Title

Differences in learning motivations of professionals and nonprofessionals participating in two south Mississippi Institutes for Learning in Retirement

Date of Award

2008

Degree Type

Dissertation

Degree Name

Doctor of Philosophy (PhD)

Department

Educational Studies and Research

First Advisor

W. Lee Pierce

Advisor Department

Educational Studies and Research

Abstract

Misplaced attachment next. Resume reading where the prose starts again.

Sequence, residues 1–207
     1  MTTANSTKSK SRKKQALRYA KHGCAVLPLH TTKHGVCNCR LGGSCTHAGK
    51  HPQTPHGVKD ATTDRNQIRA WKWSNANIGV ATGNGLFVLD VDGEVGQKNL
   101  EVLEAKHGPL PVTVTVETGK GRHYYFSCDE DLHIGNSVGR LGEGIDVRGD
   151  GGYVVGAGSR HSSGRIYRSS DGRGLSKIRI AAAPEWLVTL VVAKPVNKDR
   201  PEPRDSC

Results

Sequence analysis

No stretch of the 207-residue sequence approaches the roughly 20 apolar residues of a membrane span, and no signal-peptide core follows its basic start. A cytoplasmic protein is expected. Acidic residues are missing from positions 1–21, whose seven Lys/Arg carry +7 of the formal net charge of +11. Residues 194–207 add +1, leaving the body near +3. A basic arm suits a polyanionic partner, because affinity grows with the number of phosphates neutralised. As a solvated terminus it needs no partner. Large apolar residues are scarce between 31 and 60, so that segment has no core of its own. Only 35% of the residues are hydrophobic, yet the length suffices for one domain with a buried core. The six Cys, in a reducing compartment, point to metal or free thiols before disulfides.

This study investigated the differences in learning motivations of (a) professional and nonprofessional, and (b) urban and rural members of two south Mississippi Institutes for Learning in Retirement (ILR) programs in an attempt to expand C. O. Houle's conceptual model of continuing professional education into the retirement years and to determine if the life transitions of the older adult unite the learning orientations of these subpopulations into self-actualizing (growth) motives as part of the maturation process identified y Abraham Maslow. Ninety urban ILR and 60 rural ILR members were recruited. Professional was defined as having completed a bachelor's degree or above and licensure, certification, or registration. Variables were measured quantitatively using Roger Bashier's Education Participation Scale A-Form and qualitatively using open-ended questions on a demographic data survey collected using a one-time cross-sectional assessment of six intact groups at each location. Data were analyzed by multivariate analysis of variance, chi square, and content-thematic coding. Significant findings (.05 level) indicated that nonprofessionals have pluralistic motives while professionals are motivated by intellectual curiosity. Cognitive Interest was the strongest motivator for all persons surveyed followed closely by Social Contact. Rural participants were more likely influenced by all motivational orientations than were urban members. Adventure learning for fun and pleasure was identified as a separate category from qualitative analysis. These findings are similar to the findings of previous research but expand the knowledge of the professional model into the postcareer years as well as providing a clue to learning motives for isolated, disadvantaged older adults who can benefit from expanded availability of programs into difficult to reach areas. These conclusions suggest that the needs of the often hard-to-reach older adult can be met with the ILR model and that additional models to include the underserved elderly populations should be developed.